Using Launchpad, you may augment your existing Liferay solution with real-time notifications and a cloud based microservices platform.

Can I rely on Launchpad for apps in production?

The closed developer preview version of Launchpad is intended to collect developers feedback. We don't recommend you use it for production at this point.

Can Launchpad be installed on my own servers?

Launchpad's initial goal is to provide Backend as a Service deployed in the cloud. Most of the complexities of scaling and fault tolerance of your application is automatically managed by Launchpad.

What's next for this project?

There is still lots of questions to be answered, dozens of documentation to be written, and tons of features to be implemented. That's exactly why we decided to open this for the community. We need your feedback in order to create something awesome.

Join our developer preview now!

We're super excited to see what you will create.

Liferay Front End Meetup

Company Blogs June 17, 2015 By Zeno Rocha Staff

Originally published on Medium

At Liferay we have more than 600 employees spread in 18 different offices all over the world. Some of these people work with similar stuff but they may not interact with each other since they are working in different projects.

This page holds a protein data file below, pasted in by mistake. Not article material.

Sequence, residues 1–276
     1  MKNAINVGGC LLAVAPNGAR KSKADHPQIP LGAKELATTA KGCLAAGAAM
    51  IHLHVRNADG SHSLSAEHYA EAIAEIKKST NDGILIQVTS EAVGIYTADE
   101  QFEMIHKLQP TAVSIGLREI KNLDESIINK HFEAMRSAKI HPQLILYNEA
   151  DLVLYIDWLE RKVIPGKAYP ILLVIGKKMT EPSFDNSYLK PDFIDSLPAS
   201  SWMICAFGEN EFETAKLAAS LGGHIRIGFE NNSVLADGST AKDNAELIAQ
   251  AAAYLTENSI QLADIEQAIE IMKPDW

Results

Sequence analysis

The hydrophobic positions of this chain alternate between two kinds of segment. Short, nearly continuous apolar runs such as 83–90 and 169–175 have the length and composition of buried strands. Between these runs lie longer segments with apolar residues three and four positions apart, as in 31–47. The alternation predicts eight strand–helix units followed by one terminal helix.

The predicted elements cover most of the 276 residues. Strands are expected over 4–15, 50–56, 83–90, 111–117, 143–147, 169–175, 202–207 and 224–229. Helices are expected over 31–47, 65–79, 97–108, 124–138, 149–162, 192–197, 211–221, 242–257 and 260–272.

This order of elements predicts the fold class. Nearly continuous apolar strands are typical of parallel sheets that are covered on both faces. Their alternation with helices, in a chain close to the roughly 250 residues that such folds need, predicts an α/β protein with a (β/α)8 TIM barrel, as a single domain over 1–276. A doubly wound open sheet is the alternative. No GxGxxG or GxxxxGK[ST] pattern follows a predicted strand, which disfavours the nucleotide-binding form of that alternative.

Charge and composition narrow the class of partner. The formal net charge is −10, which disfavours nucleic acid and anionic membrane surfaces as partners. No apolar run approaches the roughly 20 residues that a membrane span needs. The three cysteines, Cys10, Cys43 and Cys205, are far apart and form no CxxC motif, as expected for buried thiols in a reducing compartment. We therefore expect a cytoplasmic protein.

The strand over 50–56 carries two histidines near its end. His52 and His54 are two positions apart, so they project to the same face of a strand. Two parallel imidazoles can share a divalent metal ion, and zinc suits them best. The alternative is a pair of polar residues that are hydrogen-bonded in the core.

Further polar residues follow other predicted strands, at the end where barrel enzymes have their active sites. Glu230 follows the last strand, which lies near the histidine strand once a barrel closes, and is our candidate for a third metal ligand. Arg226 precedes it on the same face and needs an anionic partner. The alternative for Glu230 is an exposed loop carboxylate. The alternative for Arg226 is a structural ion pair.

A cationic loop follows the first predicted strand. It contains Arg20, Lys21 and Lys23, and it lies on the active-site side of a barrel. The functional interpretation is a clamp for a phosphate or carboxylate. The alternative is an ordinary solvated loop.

This is an interesting problem to solve.

Many companies think that just by using an instant messaging tool like Slack you're covered but the truth is, nothing replaces human interaction.

Inspired by Spotify's engineering culture, we're adopting this concept of Guilds which are basically groups of people that share knowledge, tools, and practices among different teams.

Even though they’re not working in the same project, there’s a lot of opportunity for these people to learn from each other since they all share a similar workflow.

We started by identifying our Guilds and then organizing face-to-face meetups so they could work together for a week, starting with back-end developers in Spain and front-end developers in Brazil.

I ended up organizing the front-end one.


After coming up with a list of 28 participants, we had to figure out accommodations, transportation, food, and all that.

Taking care of logistics is a painful process. You need to know what time each person is arriving and departing, book hotel reservations, find out if they have food restrictions or not, book restaurant reservations, arrange transportation from airport to hotel, hotel to office, office to restaurants, restaurants to hotel, hotel to airport. Did I mention touristic activities too?